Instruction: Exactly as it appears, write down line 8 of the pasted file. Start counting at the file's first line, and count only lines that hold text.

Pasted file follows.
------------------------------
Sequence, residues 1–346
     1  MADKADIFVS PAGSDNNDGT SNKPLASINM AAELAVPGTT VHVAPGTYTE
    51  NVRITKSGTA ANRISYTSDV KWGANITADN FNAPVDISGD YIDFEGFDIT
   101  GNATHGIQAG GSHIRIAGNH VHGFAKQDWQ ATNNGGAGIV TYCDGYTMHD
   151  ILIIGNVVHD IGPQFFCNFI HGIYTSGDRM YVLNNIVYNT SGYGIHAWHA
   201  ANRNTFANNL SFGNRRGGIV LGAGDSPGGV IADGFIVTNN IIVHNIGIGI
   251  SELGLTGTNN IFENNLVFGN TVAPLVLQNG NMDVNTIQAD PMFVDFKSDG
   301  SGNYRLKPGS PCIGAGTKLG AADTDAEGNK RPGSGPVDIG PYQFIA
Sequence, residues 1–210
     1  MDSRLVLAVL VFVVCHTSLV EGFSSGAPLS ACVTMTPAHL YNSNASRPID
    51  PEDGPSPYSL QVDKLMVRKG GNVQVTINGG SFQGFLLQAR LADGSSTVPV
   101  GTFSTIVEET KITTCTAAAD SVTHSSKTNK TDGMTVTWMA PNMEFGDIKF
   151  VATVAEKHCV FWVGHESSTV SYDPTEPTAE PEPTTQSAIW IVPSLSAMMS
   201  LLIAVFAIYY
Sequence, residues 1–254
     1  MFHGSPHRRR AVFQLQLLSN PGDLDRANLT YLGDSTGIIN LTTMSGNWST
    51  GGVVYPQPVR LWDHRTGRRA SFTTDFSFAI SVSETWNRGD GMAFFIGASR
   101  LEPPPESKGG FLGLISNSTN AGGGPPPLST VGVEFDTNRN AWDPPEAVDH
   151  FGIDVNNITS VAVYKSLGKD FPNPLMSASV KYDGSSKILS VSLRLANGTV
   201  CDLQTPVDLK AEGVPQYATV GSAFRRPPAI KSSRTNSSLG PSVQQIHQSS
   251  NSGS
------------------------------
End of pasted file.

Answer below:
   301  SGNYRLKPGS PCIGAGTKLG AADTDAEGNK RPGSGPVDIG PYQFIA